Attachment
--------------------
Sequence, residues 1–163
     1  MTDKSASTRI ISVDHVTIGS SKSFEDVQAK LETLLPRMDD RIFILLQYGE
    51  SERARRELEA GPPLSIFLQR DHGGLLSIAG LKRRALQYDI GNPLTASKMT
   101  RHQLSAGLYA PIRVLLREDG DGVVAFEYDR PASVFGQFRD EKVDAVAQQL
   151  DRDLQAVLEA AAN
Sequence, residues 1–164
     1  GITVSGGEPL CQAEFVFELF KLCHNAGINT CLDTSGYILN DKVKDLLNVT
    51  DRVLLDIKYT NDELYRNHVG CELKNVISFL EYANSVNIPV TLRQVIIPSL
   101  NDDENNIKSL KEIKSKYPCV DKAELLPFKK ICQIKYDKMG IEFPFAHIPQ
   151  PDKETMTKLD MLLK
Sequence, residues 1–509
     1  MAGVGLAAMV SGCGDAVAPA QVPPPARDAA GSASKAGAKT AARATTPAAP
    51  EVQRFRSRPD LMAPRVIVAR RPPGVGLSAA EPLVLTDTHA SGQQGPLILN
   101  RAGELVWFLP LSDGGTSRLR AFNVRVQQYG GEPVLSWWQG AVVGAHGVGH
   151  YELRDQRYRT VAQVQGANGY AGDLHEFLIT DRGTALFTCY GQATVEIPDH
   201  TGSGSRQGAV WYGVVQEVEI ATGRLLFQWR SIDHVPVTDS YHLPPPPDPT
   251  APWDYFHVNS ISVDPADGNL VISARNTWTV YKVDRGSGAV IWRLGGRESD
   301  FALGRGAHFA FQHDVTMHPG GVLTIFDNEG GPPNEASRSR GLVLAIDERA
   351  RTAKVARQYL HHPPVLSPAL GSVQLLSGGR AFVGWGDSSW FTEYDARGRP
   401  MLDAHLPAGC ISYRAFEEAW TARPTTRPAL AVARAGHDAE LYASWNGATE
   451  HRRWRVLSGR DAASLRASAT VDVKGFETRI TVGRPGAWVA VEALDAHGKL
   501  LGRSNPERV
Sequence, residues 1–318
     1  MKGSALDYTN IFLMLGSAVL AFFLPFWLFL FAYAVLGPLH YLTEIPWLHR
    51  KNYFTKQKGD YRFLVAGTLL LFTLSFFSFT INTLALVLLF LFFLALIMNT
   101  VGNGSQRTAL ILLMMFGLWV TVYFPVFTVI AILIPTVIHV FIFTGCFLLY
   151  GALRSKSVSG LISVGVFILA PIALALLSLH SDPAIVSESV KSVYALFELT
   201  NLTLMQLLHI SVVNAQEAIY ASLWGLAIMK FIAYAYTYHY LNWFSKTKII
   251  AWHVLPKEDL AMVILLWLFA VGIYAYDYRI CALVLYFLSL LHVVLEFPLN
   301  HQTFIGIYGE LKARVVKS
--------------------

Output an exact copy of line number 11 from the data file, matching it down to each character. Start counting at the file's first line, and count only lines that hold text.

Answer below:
Sequence, residues 1–509